This Day in History – May 8

Today is the 128th of 2023. There are 237 days left in the year.


1794: Antoine Lavoisier, the father of modern chemistry, is executed on the guillotine during France’s Reign of Terror.


1254: The University of Salamanca in Spain is granted a royal charter by Alfonso IX; it is the third-oldest university still operating and the oldest Hispanic educational institution.

1348: A ship from Bordeaux carrying the plague lands in Melcombe Regis (now Weymouth), Dorset; it marks the beginning of the Terrible Pestilence (Black Death) in England.

1429: Largely due to the efforts of Joan of Arc, English troops end their siege of the French city of Orléans and thus mark the military turning point of the Hundred Years’ War between France and England.

1657: English Lord Protector Oliver Cromwell refuses the English crown.

1784: The only known deaths by hailstones in the US occur in Winnsborough, South Carolina.

1787: The first US prison reform society — the Philadelphia Society for Alleviating the Miseries of Public Prisons — is formed and led by Dr Benjamin Rush.

1792: The US establishes the military draft.

1812: The US passes the first foreign aid Bill, authorising up to US$50,000 to assist victims of the Caracas, Venezuela, earthquake of March 26.

1819: Kamehameha I, the conquering king of Hawaii who united the Hawaiian islands and formally established the Kingdom of Hawaii in 1810, dies at the age of 81.

1840: Alexander Wolcott patents the photographic process.

1847: Robert Thompson, a Scot, patents the rubber tyre.

1886: The first Coca-Cola (containing cocaine), an invention of Dr John S Pemberton, is sold at Jacob’s Pharmacy in Atlanta, Georgia.

1877: The first Westminster Kennel Club Dog Show (then the First Annual New York Bench Show of Dogs) begins; it is one of the oldest, continuously running sporting events in the United States, second only to the Kentucky Derby.

1902: Mount Pelee on the French West Indian island of Martinique erupts, wiping out the city of St Pierre and killing all but two of its 30,000 residents.

1921: Sweden abolishes capital punishment.

1942: In the Battle of the Coral Sea the USS Lexington becomes the first US aircraft carrier to be sunk during World War II.

1945: German forces surrender to the Soviets — who did not recognise the surrender to US General Eisenhower the previous day — and World War II ends in Europe.

1970: British rock group the Beatles releases Let It Be, their last original studio album to hit the record shops; this is a month after Paul McCartney announced that he had left.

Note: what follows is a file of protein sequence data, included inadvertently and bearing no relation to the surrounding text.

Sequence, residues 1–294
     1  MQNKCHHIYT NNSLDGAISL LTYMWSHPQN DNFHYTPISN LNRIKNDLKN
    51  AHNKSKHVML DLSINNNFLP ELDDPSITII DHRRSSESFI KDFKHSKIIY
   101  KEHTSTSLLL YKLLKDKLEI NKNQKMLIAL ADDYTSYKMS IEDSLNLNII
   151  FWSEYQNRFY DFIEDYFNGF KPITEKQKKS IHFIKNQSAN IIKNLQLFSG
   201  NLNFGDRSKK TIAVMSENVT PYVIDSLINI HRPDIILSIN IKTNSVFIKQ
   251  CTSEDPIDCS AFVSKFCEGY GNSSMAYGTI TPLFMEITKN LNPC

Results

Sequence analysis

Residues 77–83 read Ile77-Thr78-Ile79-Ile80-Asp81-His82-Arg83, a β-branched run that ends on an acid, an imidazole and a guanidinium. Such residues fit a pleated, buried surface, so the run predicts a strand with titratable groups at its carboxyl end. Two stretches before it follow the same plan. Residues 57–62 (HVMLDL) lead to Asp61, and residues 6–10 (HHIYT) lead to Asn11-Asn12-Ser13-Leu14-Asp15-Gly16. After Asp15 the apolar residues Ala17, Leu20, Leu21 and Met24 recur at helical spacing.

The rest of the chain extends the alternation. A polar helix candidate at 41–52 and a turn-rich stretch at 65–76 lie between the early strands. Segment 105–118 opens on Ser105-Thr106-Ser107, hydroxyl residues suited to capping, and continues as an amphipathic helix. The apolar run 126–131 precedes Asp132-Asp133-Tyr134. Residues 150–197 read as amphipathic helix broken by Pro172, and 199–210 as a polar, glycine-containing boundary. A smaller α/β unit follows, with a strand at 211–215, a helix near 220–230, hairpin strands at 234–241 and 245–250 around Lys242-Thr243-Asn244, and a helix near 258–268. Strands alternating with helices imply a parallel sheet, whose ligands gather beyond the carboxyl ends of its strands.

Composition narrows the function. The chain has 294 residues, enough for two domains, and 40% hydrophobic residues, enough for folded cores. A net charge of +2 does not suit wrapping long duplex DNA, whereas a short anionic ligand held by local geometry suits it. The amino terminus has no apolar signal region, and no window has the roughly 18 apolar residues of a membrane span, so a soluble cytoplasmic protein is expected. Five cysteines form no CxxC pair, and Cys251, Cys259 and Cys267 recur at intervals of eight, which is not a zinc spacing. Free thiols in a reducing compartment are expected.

1973: Militant Native Americans who held the South Dakota hamlet of Wounded Knee for 10 weeks, surrender.

1978: David R Berkowitz pleads guilty in a Brooklyn courtroom to the “Son of Sam” killings that had terrified New Yorkers.

1980: The World Health Organization announces smallpox has been eradicated; for centuries the acute infectious disease was one of the world’s most-dreaded plagues.

1984: The Soviet Union announces it will not participate in the Los Angeles Summer Olympics in retaliation for the American boycott of the 1980 Moscow Olympics.

1990: Estonia declares itself a republic and drops the words “Soviet Socialist” from its name.

1993: Disguising himself as a motorman, 16-year-old Keron Thomas takes the New York City subway train and 2,000 passengers on a three-hour ride.

1995: Gigantic celebrations mark the 50th anniversary of the end of World War II in Europe.

1999: North Atlantic Treaty Organization (NATO) bombs hit the Chinese Embassy in Belgrade by mistake, killing three Chinese reporters; protesters in China retaliate by attacking US missions. Nancy Mace becomes the first woman to graduate from The Citadel, a military college in Charleston, South Carolina.

2003: The US Senate votes 96-0 to ratify the expansion of NATO to include seven former communist countries in Eastern Europe.

2005: Survivors, political dignitaries and others gather inside the Mauthausen Nazi concentration camp to commemorate the 60th anniversary of the liberation of what one speaker describes as “hell on earth”.

2006: South Africa’s former Deputy President Jacob Zuma is acquitted of rape in the country’s most politically charged trial since the end of apartheid.

2008: During the 2008 race for the White House, Senator Barack Obama gets a front-runner’s welcome back at the US Capitol where he is surrounded on the House floor by well-wishers calling him “Mr President” and reaching out to pat him on the back or shake his hand.

2010: Pakistan successfully test-fires two ballistic missiles capable of carrying nuclear warheads.

2011: Relations between Egypt’s Muslims and Christians degenerate to a new low after riots overnight leave 12 people dead and a church burned, adding to the disorder of the country’s post-revolution transition to democracy.

2013: Italian prosecutors place the captain of the Jolly Nero cargo ship under investigation for alleged manslaughter after his vessel slams into the dock at Genoa’s busy port and topples the control tower, killing at least seven people.


Edward Gibbon, English historian (1737-1794); Henri Dunant, Swiss founder of International Red Cross (1828-1910); Harry S Truman, US president (1884-1972); Mordecai Anielewicz, Polish leader of the Warsaw Ghetto Uprising (1919-1943); David Attenborough, British television producer and naturalist (1926- ); Heather Little-White, Jamaican nutritionist and pioneer of popular TV series Creative Cooking (1952-2013); Melissa Gilbert, US actress (1964- ); Enrique Iglesias, Spanish singer of Latin pop (1975- )

– AP/ Jamaica Observer